I can't remember when I bought my last pair of tennis shoes. I do remember, maybe a couple of years ago, walking into Footlocker and seeing the wall of BRIGHT colors and thinking, 'oh my'.... Bright pink is charming on size 6 feet but not so much size 11, which is what I've sported since high school. Size 6 pink looks cute and sweet and feminine; size 11 pink looks like the Pepto Bismol plant exploded.
The alternative however, the white shoes in my size, looked like they'd be worn by some glaring nurse in a horror movie, so I went with the VERY bright pink. As time went on, and the miles clicked by, I grew more comfortable in them, and the fact of the matter was that in spite of their loud color, they felt wonderful on my feet.
I used to be very cheap, out of necessity, and once it wasn't quite as necessary, I became selectively cheap. There are some things I don't mind spending money on - travel, dinner out at a quiet restaurant whose default is to deliver baskets of bread dripping with oil, bras with serious support, and books. Shoes not so much. Likely because shoes are never, ever, ever fun to buy when you wear the size I do. So I put it off and put it off and as long as they still strap around my feet, I lie and tell myself that they are still doing their job. I put it off because good tennis shoes have become ridiculously expensive, and I'm at an age that the canvas and cardboard types would put me in traction if worn for two days straight.
I walk Miss Lily six days a week, or seven, depending on the weather, so my tennis shoes put miles on quickly. When we were in Idaho recently, I realized my feet hurt, and it was time to man up and buy new ones. Time to suffer through going to Footlocker again, ask what they happen to carry in my size, and be horrified at the price, especially in relation to the cuteness level. But I did. As soon as we got back to Texas I went to the shoe store where a limited-ability-to-communicate teenage boy did not bother to measure my feet, or suggest any shoes, but rather went back to the storeroom and brought me two choices from my multiple suggestions. When I asked him about over-pronation, he looked at me for a minute, then pointed to the underside of the shoe and said, 'yeah, that's why they put these pieces in them.'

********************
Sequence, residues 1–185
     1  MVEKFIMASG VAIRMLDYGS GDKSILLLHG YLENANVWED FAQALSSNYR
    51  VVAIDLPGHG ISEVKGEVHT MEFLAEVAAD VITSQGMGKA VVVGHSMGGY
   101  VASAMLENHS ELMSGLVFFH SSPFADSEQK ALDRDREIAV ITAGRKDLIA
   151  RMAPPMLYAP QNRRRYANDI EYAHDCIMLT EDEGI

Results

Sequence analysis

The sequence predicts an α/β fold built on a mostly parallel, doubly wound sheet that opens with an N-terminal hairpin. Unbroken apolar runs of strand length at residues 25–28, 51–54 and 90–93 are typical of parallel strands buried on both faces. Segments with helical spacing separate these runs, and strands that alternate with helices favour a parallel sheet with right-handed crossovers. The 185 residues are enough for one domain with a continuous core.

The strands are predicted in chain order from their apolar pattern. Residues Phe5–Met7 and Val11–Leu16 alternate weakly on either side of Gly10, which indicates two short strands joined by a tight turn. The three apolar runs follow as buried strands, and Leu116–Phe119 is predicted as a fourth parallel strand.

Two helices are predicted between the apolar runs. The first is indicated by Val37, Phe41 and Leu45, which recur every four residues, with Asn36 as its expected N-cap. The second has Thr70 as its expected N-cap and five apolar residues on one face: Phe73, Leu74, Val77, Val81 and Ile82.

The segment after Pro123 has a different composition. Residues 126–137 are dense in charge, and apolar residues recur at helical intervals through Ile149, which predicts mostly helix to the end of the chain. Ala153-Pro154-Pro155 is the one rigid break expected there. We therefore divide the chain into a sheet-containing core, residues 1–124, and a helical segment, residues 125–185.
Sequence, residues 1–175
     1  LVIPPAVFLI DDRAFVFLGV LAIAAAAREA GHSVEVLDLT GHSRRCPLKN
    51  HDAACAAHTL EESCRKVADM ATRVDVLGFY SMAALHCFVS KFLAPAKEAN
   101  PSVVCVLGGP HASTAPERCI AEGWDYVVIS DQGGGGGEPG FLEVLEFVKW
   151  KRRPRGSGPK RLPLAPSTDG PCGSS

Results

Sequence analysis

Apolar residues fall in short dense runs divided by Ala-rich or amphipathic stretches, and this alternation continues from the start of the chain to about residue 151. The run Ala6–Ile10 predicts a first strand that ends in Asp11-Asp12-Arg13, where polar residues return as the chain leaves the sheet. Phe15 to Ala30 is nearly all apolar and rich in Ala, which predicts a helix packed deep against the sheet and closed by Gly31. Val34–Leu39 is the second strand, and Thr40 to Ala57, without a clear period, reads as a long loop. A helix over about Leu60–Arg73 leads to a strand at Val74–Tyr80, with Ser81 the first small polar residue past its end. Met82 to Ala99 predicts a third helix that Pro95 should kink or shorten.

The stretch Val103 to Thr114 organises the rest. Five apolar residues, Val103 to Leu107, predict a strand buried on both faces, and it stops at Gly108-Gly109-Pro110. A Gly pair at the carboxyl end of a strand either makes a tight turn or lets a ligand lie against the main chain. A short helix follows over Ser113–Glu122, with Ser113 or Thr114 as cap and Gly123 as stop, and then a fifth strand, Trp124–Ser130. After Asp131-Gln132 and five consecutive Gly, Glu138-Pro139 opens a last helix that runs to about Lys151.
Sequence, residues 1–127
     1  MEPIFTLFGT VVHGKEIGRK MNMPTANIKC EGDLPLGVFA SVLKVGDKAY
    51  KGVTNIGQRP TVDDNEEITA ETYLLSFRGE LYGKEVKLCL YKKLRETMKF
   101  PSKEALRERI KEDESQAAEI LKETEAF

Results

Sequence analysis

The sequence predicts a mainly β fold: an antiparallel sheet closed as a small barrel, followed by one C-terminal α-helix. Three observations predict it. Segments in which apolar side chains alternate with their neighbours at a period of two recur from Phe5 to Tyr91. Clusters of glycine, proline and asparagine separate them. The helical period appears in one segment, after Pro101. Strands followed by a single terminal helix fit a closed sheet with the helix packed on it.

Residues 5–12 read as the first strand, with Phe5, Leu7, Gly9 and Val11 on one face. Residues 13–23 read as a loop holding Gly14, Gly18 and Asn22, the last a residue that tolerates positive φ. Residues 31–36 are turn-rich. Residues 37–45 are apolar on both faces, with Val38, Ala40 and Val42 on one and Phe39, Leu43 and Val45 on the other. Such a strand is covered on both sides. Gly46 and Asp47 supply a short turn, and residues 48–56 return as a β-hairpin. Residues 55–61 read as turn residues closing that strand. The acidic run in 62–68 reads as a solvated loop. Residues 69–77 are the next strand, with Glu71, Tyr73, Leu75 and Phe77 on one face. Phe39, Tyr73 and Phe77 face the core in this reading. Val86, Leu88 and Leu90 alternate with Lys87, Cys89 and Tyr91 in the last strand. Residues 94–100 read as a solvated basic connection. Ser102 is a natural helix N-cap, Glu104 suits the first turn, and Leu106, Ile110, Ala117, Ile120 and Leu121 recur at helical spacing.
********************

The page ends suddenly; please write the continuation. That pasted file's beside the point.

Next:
I love it when people get technical with me.
What limited-ability-to-communicate teenage boy had brought me was two of the same shoe, except one was a cuter color than the other, and the cuter one was twice the cost of the less cute. Twice the cost, not as in $25 vs $50 but rather $60 vs $120. When I asked him if I was possibly mistaken, but by any chance were both the shoes identical except in color, he confirmed that the one on sale was last year's model. I strapped them on, took a stroll around the store, and knew immediately they were better than what I had walked in wearing. But nothing in me could stand to pay the extra $60 just to get the grey I preferred over the half-as-expensive sea foam green, so I bought the shoes, the cheaper ones.
The next day, still not thrilled over the sea foam green, because it will show every drop of dirt and I wash my tennis shoes so rarely it's not only embarrassing but possibly health-threatening, I shoved them on, laced them up and we were off.
The second I hit the sidewalk was shocking. I felt like Michael Jackson, moonwalking. The more I walked the better they felt. And I didn't care a bit that the color wasn't what I really wanted, I was just happy that I felt like I could walk forever. The sidewalk beneath my feet felt astonishingly different.
This got me to thinking why I'm so selectively cheap? About stuff that actually matters? Like not wanting to pay for shoes that will last me a year, versus the same amount (or more) for a meal that will last two hours at best? Or a vacation that will be over in a week? And why is America so dumb that we sell shoes that cost half as much just because they are last year's model, recently shelved, and the new cool color is twice the cost? And we pay it?
I don't have to waste money on this year's model of something, but I was months and months late buying new shoes. Taking that walk a few days ago, it occurred to me that just like good tennis shoes for walking, to provide the support my feet need, I also need support in the form of enough sleep on a regular basis, exercise, time to myself to combat stress, time to be creative, time spent talking to friends who know and love me, time for devotions, time sitting by the pool sipping a glass of something with CS at the end of the day.
Sometimes I do these things, but it's the thinking of it all as luxury, or excessive, or selfish, rather than life-support, that needs constant attending. Those concrete sidewalks were hurting my feet and legs and back and I didn't even know it; I just kept lacing them on, subjecting myself to miles and miles and miles of poor support, thinking I was saving money. I do that on a daily basis in my life, in so many areas besides worn out tennis shoes.
I'm happy with my new sea foam green tennis shoes, happy for how they feel, supporting me as I walk, happy I saved the $60, and maybe especially happy for the bright reminder that we are human beings, not human doings, and we all need support now and then. Taking it isn't selfish or lazy or undisciplined; rather, it's vital.